Postby mattsccm » 3 May 2020, 10:11pm

Best levers ever used - freebies with Cycling plus. If things are really tough take tiny bites even a lever thickness. Cycle tyres are easy compared with a 5" motorcross tyre onto a 17" rim.

MikeDee
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Re: Another thread about hard tyres to fit and tyre levers

Postby MikeDee » 4 May 2020, 1:58am

Metal tire levers? I wouldn't. Too easy to damage the rims with them.

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andrew_s
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Re: Another thread about hard tyres to fit and tyre levers

Postby andrew_s » 4 May 2020, 3:55am

It's a myth.

I've been using steel levers for over 30 years and not damaged a rim yet.

Best steel levers are flat like Brucey's Carradice ones up the way, but even with cheap and nasty round stock steel levers I've failed to damage the rim.
Workshop ones like the Park (same post) or Lezyne Sabre are better, but too big for the road.

Plastic levers are OK for easy tyres, but give them something difficult and they'll bend, break, or be thick enough to make difficult almost impossible.


Not mentioned so far in this topic is the Var tyre lever.
It's no better than any other plastic lever for removing a tight tyre, but makes a reasonable portable alternative to the Koolstop bead jack for refitting a difficult tyre; enough so that I add one to the tool kit if I know a tyre is tight.

francovendee
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Re: Another thread about hard tyres to fit and tyre levers

Postby francovendee » 4 May 2020, 8:45am

andrew_s wrote:It's a myth.

I've been using steel levers for over 30 years and not damaged a rim yet.

Best steel levers are flat like Brucey's Carradice ones up the way, but even with cheap and nasty round stock steel levers I've failed to damage the rim.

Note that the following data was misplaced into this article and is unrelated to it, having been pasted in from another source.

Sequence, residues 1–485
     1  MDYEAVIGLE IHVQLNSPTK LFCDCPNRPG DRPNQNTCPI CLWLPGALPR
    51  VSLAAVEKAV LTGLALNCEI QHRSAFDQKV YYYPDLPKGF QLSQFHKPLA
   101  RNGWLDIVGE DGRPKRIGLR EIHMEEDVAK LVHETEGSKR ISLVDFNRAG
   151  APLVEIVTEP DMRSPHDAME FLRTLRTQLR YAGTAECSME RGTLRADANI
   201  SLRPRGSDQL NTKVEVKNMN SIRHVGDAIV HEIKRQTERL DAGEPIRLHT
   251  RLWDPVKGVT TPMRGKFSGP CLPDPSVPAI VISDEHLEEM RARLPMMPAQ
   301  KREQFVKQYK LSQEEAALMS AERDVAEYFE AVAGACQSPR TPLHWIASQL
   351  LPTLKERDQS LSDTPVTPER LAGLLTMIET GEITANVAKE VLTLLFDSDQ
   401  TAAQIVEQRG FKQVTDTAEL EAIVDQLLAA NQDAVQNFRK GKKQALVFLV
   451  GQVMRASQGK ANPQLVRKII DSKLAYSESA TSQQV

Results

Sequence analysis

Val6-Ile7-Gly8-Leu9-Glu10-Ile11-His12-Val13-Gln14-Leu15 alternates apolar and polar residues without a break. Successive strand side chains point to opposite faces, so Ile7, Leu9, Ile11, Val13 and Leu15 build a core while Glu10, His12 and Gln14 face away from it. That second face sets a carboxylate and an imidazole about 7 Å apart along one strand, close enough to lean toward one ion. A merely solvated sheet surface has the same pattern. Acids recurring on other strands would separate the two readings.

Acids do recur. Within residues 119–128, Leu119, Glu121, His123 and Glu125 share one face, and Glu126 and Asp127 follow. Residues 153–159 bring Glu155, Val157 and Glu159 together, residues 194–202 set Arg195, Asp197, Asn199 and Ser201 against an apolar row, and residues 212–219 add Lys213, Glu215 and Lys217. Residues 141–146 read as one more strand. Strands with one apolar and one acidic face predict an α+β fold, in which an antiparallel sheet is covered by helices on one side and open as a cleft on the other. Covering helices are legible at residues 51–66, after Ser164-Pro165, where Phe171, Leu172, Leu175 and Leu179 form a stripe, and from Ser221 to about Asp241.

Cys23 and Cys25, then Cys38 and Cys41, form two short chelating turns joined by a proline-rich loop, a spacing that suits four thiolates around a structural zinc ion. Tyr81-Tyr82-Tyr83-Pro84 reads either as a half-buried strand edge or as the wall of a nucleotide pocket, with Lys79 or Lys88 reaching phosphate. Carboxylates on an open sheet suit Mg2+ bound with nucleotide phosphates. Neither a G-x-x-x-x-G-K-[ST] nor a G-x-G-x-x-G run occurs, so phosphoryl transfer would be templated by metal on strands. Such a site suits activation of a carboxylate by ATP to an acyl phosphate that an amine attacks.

Workshop ones like the Park (same post) or Lezyne Sabre are better, but too big for the road.

Plastic levers are OK for easy tyres, but give them something difficult and they'll bend, break, or be thick enough to make difficult almost impossible.


Not mentioned so far in this topic is the Var tyre lever.
It's no better than any other plastic lever for removing a tight tyre, but makes a reasonable portable alternative to the Koolstop bead jack for refitting a difficult tyre; enough so that I add one to the tool kit if I know a tyre is tight.


I'm with you there. After breaking two sets of plastic levers I bought some metal ones. I dressed the ends with a file and emery paper to get them super smooth. I've never damaged a tube using them and deal with difficult tyres easily.

st599_uk
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Re: Another thread about hard tyres to fit and tyre levers

Postby st599_uk » 4 May 2020, 9:00am

I watched a video in which a chap from Spa showed how to easily fit Marathon tyres. Really easy to do compared to my previous attempts. Requires 2 straps or bits of string.
A novice learning...
“the dreamers of the day are dangerous men, for they may act their dreams with open eyes, to make it possible.”

MikeDee
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Re: Another thread about hard tyres to fit and tyre levers

Postby MikeDee » 4 May 2020, 4:15pm

andrew_s wrote:It's a myth.

I've been using steel levers for over 30 years and not damaged a rim yet.

Best steel levers are flat like Brucey's Carradice ones up the way, but even with cheap and nasty round stock steel levers I've failed to damage the rim.
Workshop ones like the Park (same post) or Lezyne Sabre are better, but too big for the road.

Plastic levers are OK for easy tyres, but give them something difficult and they'll bend, break, or be thick enough to make difficult almost impossible.


Not mentioned so far in this topic is the Var tyre lever.
It's no better than any other plastic lever for removing a tight tyre, but makes a reasonable portable alternative to the Koolstop bead jack for refitting a difficult tyre; enough so that I add one to the tool kit if I know a tyre is tight.


I chipped the hard anodizing on a rim edge some years ago, so I quit using metal levers. IMO, by using proper technique (i.e., work the tire beads into the rim well to provide slack), I found that plastic tire levers are more than adequate for any tire I've used.

Marcus Aurelius
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Re: Another thread about hard tyres to fit and tyre levers

Postby Marcus Aurelius » 4 May 2020, 4:28pm

andrew_s wrote:It's a myth.

I've been using steel levers for over 30 years and not damaged a rim yet.



It’s not a myth. I wouldn’t suggest using metal levers to get a tight tyre on a Carbon rim as a particularly clever idea.